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Wildlife symposium aims to advance shared interests in the Greater Yellowstone Ecosystem

Julia Cook
Northern Rockies Conservation Cooperative
"Shared Home" by Wyoming-based wildlife photographer Julia Cook was the winning image of the Northern Rockies Conservation Cooperative's 2023 Human-Wildlife Coexistence Photography Contest. The organization will host its ninth Wildlife Symposium in Jackson on Thursday.

The Jackson Hole Wildlife Symposium is zooming out when it comes to conversations about conservation in the region. The all-day event will bring together a host of stakeholders to collaborate around the management of the Greater Yellowstone Ecosystem (GYE).

The GYE spans Wyoming, Montana and Idaho and is home to a diversity of landscapes and wildlife. The biodiverse ecosystem also includes Yellowstone and Grand Teton National Parks and is stewarded by a wide range of land agencies. This vast and varied patchwork of jurisdictions can make it challenging to address environmental and social shifts in the region.

Ben Williamson is executive director of the environmental nonprofit Northern Rockies Conservation Cooperative, which is hosting the symposium. He said one of the goals of the conference is to get many different perspectives in the same room.

“We will be bringing together leaders from agencies, nonprofits, elected officials, educators, policymakers, students and engaged citizens to have a conversation and to take stock of where we're at with human-wildlife coexistence in the Greater Yellowstone,” he said.

The conference takes place on Thursday at the Center for the Arts in Jackson. The event will feature a lineup of speakers and panelists, including GYE legal scholar Bob Keiter – as well as leaders from the National Park Service, biologists, research associates, journalists and other experts in the fields of conservation and land management. Spanish biologist Ignacio Jiménez will speak at the evening’s free keynote address.

The Northern Rockies Conservation Cooperative will also host a workshop the day before the conference, which will focus on helping professionals in the field improve their efficiency and problem-solve within their own organizations and agencies.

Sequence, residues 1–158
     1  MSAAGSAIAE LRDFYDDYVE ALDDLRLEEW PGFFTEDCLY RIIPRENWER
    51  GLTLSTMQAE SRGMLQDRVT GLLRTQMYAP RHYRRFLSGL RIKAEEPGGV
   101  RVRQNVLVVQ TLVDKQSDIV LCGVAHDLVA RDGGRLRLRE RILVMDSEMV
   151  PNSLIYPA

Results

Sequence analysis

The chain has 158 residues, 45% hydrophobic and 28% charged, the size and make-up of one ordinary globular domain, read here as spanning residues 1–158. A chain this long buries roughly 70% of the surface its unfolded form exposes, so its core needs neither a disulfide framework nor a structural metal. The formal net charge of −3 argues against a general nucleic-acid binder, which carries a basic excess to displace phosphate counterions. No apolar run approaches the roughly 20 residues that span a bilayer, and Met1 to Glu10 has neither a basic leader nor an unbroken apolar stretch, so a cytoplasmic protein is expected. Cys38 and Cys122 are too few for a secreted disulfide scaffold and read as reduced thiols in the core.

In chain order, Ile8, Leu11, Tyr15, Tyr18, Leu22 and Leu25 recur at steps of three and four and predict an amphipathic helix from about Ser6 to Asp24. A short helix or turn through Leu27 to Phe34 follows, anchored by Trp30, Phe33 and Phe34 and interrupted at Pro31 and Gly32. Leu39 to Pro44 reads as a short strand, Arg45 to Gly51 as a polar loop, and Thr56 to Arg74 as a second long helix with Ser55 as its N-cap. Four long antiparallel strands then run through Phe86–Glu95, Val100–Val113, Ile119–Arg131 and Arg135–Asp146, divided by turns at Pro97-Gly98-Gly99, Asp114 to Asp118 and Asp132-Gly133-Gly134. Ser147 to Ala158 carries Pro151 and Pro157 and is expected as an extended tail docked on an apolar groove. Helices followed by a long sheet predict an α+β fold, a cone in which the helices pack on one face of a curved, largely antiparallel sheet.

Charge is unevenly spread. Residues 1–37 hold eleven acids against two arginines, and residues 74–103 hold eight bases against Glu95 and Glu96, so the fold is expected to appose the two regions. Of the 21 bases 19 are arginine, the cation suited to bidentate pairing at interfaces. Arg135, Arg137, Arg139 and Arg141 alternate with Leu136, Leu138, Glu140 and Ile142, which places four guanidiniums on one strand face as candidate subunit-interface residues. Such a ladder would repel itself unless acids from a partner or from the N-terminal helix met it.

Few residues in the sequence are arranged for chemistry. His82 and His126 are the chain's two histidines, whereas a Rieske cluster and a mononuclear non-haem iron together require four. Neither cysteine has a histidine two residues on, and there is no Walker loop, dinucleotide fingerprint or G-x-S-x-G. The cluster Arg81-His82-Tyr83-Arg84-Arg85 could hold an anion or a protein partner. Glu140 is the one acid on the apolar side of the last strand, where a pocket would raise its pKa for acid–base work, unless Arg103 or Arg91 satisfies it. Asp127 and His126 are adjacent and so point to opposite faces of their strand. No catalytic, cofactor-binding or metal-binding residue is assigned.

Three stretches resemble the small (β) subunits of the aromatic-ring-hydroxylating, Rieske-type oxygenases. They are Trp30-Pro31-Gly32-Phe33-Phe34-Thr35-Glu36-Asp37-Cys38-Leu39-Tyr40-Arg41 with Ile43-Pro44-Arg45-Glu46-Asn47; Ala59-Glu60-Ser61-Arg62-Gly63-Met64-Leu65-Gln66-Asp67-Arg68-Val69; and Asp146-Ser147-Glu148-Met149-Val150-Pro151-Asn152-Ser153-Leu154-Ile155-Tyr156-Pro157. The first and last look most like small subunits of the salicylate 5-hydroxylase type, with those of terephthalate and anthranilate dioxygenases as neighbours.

“So much of our management and policy is fragmented at the moment, not working together and not working in terms of the larger picture across the ecosystem and across our own institutions and our own disciplines,” Williamson said.

In response to this fragmentation, Williamson said the conference provides a critical opportunity to have intentional conversations about what a more collaborative approach to coexistence within the GYE might look like. He said seeing the bigger picture of who’s at the table can help the region move forward in a more unified way.

“It's time that we start to look at all of those different entities and all the individuals that make [the region] up, and start to work together to move the GYE closer to a future where humans and wildlife coexist with each other,” he said. “We're calling this a time to focus on the forest, not just the trees.”

The organizers hope to create a “Grand Strategy” that can advance shared interests in the biodiverse ecosystem.

Hannah Habermann is the rural and tribal reporter for Wyoming Public Radio. She has a degree in Environmental Studies and Non-Fiction Writing from Middlebury College and was the co-creator of the podcast Yonder Lies: Unpacking the Myths of Jackson Hole. Hannah also received the Pattie Layser Greater Yellowstone Creative Writing & Journalism Fellowship from the Wyoming Arts Council in 2021 and has taught backpacking and climbing courses throughout the West.
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